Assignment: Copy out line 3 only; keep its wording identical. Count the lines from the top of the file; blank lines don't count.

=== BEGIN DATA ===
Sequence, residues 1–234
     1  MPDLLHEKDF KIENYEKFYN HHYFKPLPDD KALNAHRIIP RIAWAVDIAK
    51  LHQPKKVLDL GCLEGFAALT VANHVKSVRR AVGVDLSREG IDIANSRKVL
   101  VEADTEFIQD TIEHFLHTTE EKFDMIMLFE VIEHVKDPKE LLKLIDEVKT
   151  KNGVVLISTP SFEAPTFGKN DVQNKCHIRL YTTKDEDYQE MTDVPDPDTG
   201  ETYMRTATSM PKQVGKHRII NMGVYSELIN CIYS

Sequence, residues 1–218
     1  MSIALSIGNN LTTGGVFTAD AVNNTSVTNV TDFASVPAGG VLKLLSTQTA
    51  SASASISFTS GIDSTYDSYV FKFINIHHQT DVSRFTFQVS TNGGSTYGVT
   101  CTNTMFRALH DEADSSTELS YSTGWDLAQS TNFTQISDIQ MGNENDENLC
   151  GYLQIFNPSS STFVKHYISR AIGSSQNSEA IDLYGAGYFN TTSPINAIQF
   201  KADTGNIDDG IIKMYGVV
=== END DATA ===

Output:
    51  LHQPKKVLDL GCLEGFAALT VANHVKSVRR AVGVDLSREG IDIANSRKVL